It is the abject failure of singaporeans to appreciate this point in all its myriad intricacies and glories that has now led me to consider how English as a ‘mother tongue’, at least, might have been a preferred alternative to the path singapore actually took. Of course, the approach suggested above will still be preferable. However, even if English became the ‘mother tongue’, the gains will still be immense, as opposed to the present, as the culture of the Indians, Malays and Chinese had already seen much development in the past. At this point, English will facilitate the kind of exchange that only comes when equal respect is accorded all by all. In that, English itself will be transformed, not in terms of just containing words from various languages, but in terms of containing those nuances that say more than words itself can communicate. It will, by its integrative function, and all the positive feelings that it engenders, can itself be a binding force that whilst facilitating the acquisition of perspectives begins to mean, without words, the comfort of being amongst one of our own that means all as opposed to just those whom share similar features or a diminutive ‘mother tongue’ attached to organisms that fly a different flag.
When Monolinguals are Smarter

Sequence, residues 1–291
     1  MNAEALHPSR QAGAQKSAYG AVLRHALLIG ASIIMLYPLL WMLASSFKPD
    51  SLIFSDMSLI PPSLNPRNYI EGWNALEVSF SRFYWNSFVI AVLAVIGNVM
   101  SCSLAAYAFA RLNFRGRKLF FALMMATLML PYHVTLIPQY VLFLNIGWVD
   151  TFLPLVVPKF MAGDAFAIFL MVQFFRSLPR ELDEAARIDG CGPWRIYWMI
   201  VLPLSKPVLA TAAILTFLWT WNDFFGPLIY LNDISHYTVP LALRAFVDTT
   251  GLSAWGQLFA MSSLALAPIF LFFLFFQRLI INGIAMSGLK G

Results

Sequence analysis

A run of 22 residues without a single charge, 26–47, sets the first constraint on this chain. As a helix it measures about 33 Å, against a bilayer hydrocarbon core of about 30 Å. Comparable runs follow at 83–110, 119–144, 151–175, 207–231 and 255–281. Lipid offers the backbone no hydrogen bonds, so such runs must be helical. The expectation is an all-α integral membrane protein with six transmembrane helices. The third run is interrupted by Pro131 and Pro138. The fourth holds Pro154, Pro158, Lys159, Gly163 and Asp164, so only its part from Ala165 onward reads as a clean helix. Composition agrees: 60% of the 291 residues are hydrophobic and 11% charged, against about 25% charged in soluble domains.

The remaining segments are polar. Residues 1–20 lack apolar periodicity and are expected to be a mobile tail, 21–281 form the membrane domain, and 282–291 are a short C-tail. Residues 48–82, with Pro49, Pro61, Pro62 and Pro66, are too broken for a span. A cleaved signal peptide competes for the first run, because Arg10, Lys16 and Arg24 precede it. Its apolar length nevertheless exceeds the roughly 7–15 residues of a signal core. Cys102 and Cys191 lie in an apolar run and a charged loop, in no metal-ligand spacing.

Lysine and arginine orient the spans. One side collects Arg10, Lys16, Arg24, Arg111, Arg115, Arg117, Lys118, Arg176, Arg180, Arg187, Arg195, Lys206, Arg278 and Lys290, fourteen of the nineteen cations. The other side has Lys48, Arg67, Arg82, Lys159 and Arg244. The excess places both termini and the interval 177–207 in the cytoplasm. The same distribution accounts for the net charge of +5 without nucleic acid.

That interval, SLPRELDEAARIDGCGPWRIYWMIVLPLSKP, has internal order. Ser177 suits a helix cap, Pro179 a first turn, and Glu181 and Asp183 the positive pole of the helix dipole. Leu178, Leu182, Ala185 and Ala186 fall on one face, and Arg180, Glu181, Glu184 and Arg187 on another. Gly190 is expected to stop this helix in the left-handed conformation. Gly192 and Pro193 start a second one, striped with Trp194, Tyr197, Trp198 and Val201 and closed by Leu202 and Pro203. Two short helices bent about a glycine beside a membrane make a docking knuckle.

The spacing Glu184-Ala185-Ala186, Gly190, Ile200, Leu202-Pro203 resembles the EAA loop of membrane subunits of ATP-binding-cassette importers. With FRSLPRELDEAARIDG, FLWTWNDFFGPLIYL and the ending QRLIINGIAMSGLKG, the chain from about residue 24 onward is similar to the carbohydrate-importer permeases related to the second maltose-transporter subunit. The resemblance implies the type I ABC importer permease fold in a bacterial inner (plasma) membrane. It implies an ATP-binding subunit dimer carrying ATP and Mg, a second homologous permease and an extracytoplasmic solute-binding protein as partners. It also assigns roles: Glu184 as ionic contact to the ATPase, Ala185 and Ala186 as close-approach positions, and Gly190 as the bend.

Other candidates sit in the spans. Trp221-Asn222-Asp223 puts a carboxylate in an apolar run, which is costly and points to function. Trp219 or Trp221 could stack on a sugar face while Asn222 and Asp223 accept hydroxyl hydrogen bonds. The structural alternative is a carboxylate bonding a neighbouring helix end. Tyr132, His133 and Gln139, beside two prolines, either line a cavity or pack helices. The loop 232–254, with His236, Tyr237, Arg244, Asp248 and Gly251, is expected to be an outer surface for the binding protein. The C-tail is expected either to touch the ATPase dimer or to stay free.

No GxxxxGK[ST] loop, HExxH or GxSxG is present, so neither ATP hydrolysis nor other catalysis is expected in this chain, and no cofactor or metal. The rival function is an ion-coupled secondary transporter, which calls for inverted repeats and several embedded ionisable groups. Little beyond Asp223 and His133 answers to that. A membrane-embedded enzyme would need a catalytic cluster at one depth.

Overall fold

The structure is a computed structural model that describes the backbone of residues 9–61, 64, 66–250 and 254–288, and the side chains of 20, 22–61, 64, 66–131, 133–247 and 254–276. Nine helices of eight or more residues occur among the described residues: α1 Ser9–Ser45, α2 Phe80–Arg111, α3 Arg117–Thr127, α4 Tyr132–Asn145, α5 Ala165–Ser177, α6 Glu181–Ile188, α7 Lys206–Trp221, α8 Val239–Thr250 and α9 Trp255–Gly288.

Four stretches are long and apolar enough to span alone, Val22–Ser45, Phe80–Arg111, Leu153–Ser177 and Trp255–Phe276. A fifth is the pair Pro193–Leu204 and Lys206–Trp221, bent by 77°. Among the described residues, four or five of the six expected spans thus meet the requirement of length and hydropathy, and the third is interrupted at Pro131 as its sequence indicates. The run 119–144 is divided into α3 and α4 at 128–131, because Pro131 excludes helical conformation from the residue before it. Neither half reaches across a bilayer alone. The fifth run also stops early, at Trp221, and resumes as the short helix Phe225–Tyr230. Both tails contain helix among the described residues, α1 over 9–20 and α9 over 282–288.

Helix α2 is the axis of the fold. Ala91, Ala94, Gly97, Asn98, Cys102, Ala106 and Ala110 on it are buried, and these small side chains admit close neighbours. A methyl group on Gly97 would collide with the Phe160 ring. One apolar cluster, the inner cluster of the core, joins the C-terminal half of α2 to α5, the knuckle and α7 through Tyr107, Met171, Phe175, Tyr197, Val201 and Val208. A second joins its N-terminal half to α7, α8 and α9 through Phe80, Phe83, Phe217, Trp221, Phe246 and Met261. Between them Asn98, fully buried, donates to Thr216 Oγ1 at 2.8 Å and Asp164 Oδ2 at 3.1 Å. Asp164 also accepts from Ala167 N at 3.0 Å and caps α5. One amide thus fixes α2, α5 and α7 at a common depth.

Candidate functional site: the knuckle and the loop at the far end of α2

In my personal experience in the 70s and 80s, I found the monolinguals to be far more intelligent that the bilinguals. I’m speaking here of the English-speakers I had the great opportunity to encounter in Church where many Eurasians, Chinese and Indians did badly in Mandarin or Tamil. This tended to disable the cultural exclusivity and ‘penchant for the familiar’ that present day singapore reeks of. In other words, whatever Lee Kuan Yew was doing to bring about unity amongst the Chinese by way of eradicating dialects, the same was happening amongst the western sect. But most importantly, it enabled the exchange of perspectives between them. That generation, has been forwarded as the ‘westernised sect’ of singapore that the government later clamped down upon via a rabid Confucianisation of singapore, which, in my opinion, was undertaken to promote its own longevity as egalitarian multiculturalism, with the vibrant minds it creates, never bode well for any party intending to cement its genes into the constitution of the populace. But the truth about the western sect was that they were not only westernised, but began to be the first and, most unfortunately, last vestige of the beginnings of the creation of a new race that fused all present cultures, and not only that, but the effects of multiculturalism in itself were taking a positive toll on their intellectual and creative acuity. In my lighter moments, I tend to refer to this clan of true singaporeans as the ‘western Chou’, as opposed to the ‘eastern Qin’. Such gains far outweigh any gains that can be acquired via a ‘mother tongue policy’ that basically pours present minds into an old mould as opposed to learning the ability to shape-shift and become malleable in the face of any impending change. In fact, such minds are far more capable, not only in fitting into any changing milieu, but in creating it as they would have the advantage of a host of perspectives at the disposal of far more vibrant and versatile minds. Even children learn from the different shapes that they encounter, and as adults, the most potent methods of continuing one’s development is by way of contending with ‘difference of the most alien kind’, as opposed to what transpired in singapore, and which can be likened to a child hammering a triangular object into a circular slot – and upon succeeding, claims the universe to be triangular, or in singapore’s case, ‘the west is the west, we are we.’